4,298 km in 47 days: This beautiful country has convinced us with its South American diversity in a relatively small area. It just has everything the traveler’s heart desires. We learned that Ecuador is the world’s banana and chocolate country. In Salango we stood for a few days on a dream place above the sea on the cliffs, exploring the rainforest and enjoying the beautiful tropical beaches. We hiked around the Laguna Quilitoa – including a lightning strike in the hiking stick. The volcanoes Cotopaxi, Tungurahua, Reventador and Chimborozo could sometimes be seen more from their foggy side, but are beautiful to look at and to hike – and sometimes even snored at us. In Coca, Oliver had to endure a terrible dog attack by three aggressive animals, whose wounds we had to treat for weeks. Our jungle trip to the Sacha Lodge was extremely diverse and gave us many insights and views of the beautiful wildlife. In the small town of Mindo we enjoyed a great waterfall tour and saw beautiful butterflies. Also, we liked Quito as the capital and of course we experienced a breathtaking sailing tour through the Galapagos islands, amongst others snorkeling together with sharks. In Otavalo and the highlands, we could admire the typical beautiful costumes. In Vilcabamba we took a little break and Karin enjoyed doing yoga twice a day for days.


6,357 km in 48 days: The beautiful Colombia we experienced as very sympathetic, open and squeaky clean. The traffic is a little faster and more ruthless than in the other countries and the roads through the villages were partly quite small for us and Shujaa. The Las Lajas Monastery is beautifully situated on a rock. The Laguna de la Cocha with its wooden houses is very picturesque. In San Augustin and Tierradentro we admired historic sites and the Desierto de la Tatacoa we explored by quad in order to be closer to the beautiful nature. Salento and Villa de Leyva are absolutely worth visiting and are beautiful colonial towns with a lot of charm. We admired the high wax palms in the Valle de Cocora and also in Colombia we did not miss cities like Bogota or Medellin. In Zipaquira we visited the mystic underground salt cathedral and experienced the absolute record of the temperatures in the humid region of Mompos. The peninsula La Guajira is rough and very windy. With its deserts and extremely poor people it is the northernmost point of South America. We hiked to Ciudad Perdida for four days and Karin unfortunately had her forefinger injured in a fall. The more we enjoyed the absolutely prettiest town of South-America – Cartagena.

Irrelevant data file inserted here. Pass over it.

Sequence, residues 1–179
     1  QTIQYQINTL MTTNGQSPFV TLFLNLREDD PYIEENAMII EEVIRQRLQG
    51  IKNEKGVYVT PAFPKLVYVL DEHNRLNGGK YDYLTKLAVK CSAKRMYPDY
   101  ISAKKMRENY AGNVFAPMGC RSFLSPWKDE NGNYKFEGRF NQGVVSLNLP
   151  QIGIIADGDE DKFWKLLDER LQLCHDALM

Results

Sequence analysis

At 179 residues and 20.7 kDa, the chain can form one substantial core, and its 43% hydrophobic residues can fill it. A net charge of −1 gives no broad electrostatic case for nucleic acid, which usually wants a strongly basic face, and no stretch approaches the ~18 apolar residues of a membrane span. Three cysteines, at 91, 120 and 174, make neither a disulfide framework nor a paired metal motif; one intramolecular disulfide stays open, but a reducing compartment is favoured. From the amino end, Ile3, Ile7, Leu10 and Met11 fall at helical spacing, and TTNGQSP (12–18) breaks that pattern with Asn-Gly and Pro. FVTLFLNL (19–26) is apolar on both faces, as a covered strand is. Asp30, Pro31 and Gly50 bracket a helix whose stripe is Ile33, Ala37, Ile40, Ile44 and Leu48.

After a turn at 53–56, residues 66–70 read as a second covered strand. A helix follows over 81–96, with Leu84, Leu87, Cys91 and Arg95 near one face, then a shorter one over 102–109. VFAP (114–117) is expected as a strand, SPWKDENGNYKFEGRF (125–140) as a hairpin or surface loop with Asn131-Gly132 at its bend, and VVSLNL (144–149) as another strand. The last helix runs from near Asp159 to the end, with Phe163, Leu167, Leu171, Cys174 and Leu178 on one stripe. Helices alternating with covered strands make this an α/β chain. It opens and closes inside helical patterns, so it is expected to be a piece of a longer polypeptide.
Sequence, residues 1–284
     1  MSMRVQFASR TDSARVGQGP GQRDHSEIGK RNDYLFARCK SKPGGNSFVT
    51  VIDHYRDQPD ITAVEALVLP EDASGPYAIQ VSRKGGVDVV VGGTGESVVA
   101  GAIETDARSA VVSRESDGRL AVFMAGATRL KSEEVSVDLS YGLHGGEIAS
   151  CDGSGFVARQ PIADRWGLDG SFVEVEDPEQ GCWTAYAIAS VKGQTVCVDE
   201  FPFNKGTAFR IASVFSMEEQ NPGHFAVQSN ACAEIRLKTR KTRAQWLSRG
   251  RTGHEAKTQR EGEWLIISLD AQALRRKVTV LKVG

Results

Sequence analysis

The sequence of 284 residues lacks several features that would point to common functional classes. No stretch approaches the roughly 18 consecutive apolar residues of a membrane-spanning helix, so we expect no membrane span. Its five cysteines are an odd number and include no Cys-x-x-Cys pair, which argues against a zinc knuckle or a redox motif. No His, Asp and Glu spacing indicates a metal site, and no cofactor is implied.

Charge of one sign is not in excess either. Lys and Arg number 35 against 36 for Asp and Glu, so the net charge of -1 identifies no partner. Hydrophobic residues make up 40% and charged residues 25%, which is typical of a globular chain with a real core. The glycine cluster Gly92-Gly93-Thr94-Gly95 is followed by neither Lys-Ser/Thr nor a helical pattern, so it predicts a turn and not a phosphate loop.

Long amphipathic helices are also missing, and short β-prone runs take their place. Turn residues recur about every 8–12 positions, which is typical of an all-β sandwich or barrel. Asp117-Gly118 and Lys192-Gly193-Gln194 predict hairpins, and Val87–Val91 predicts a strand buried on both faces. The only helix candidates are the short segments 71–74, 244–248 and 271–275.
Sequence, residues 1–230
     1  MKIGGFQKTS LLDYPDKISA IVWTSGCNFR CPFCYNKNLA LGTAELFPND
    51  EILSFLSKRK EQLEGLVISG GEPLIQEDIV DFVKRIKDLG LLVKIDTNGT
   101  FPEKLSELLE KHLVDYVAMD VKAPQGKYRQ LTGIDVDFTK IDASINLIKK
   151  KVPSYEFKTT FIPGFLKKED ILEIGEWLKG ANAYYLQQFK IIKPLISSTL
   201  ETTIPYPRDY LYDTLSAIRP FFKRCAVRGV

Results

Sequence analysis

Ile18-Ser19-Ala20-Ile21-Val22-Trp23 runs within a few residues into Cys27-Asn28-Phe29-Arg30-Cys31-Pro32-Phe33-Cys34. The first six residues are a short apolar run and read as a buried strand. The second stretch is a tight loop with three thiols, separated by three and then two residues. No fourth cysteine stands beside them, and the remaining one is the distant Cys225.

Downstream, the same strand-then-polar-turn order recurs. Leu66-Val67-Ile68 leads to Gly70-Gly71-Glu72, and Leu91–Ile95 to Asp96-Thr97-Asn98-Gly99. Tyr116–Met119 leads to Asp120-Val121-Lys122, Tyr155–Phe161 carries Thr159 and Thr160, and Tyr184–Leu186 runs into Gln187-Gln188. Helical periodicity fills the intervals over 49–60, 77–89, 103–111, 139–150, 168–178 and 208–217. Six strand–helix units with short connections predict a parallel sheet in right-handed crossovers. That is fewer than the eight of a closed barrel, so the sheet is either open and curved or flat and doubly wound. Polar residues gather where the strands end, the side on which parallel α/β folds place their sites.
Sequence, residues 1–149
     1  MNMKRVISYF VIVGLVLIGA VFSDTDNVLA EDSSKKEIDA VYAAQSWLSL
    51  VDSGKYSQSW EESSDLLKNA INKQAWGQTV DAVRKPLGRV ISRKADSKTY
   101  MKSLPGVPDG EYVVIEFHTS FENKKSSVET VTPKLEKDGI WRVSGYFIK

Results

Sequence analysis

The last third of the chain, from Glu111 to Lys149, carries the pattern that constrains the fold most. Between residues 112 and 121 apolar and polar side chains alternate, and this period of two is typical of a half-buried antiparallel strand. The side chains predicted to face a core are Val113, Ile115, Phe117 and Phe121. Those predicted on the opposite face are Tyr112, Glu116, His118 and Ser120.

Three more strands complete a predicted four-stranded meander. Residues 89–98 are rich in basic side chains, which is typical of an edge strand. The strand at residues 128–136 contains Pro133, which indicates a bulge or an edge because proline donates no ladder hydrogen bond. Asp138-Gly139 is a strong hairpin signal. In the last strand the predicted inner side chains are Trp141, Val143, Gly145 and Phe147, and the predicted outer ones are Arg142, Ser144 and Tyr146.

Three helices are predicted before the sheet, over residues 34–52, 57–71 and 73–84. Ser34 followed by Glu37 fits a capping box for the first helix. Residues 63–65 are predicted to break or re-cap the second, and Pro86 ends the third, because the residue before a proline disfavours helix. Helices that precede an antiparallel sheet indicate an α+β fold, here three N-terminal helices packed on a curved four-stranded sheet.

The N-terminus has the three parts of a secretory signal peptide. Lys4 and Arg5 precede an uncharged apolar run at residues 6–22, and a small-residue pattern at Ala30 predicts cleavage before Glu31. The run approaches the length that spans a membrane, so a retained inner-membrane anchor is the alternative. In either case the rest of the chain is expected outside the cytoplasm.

13,391 km in 70 days: Brazil has what it takes to become our favorite country. At first, we had concerns about the many warnings about crime, but we really never had any problems. The people are refreshingly uncomplicated. First, we drove the Transamazonica, with lots of red dust and adventurous bridge repairs and muddy roads with lots of stuck cars. In Santarem we found lovely friends. Lencois Maranhenses, a coastal desert with lagoons, has simply overwhelmed us, even from the air. The coast in Brazil is unbeatable in the north for kiting and in the south (Bahia) for the dream beaches. We enjoyed Rio with its diversity and Sao Paulo with its ugliness as well as small sweet towns at the sea like Trancoso and Parati. The Pantanal with a wealth of animals and Bonito with its crystal-clear rivers were equally fantastic. An absolute highlight for us were the Iguaçu Falls at the end.


1,795 km in 17 days: First, we wanted to skip this little country because we did not read much about it, but that would have been a mistake. Uruguay is a special country compared to the other South American countries. Extremely organized, the people are quiet and very sympathetic. The country rightly has the reputation of being South American Switzerland. On the street are many beautiful vintage cars to see. Colonia del Sacramento is a pretty colonial town with lots of charm and great lanes. Punta de l’Este could also be in California – great restaurants, nice shops and fabulous mansions line the coastal road, which was still deserted as we were out of season. The coast is therefore very lonely and offered us many opportunities for long beach walks. The Cap de Polonio surprised us with a small exit village, much peace, an incredibly cozy restaurant and a seal hound. Again, in Punta de Diabolo, we met nice people, but also tourists from Brazil, who spontaneously invited us to a barbecue, which we really enjoyed. Once we also tried to rescue a baby seal from a plastic bag. In the end we met our friends Gabi and Peter with their Globi and spent some nice days together. Also Montevideo, as a last stop, was worth seeing.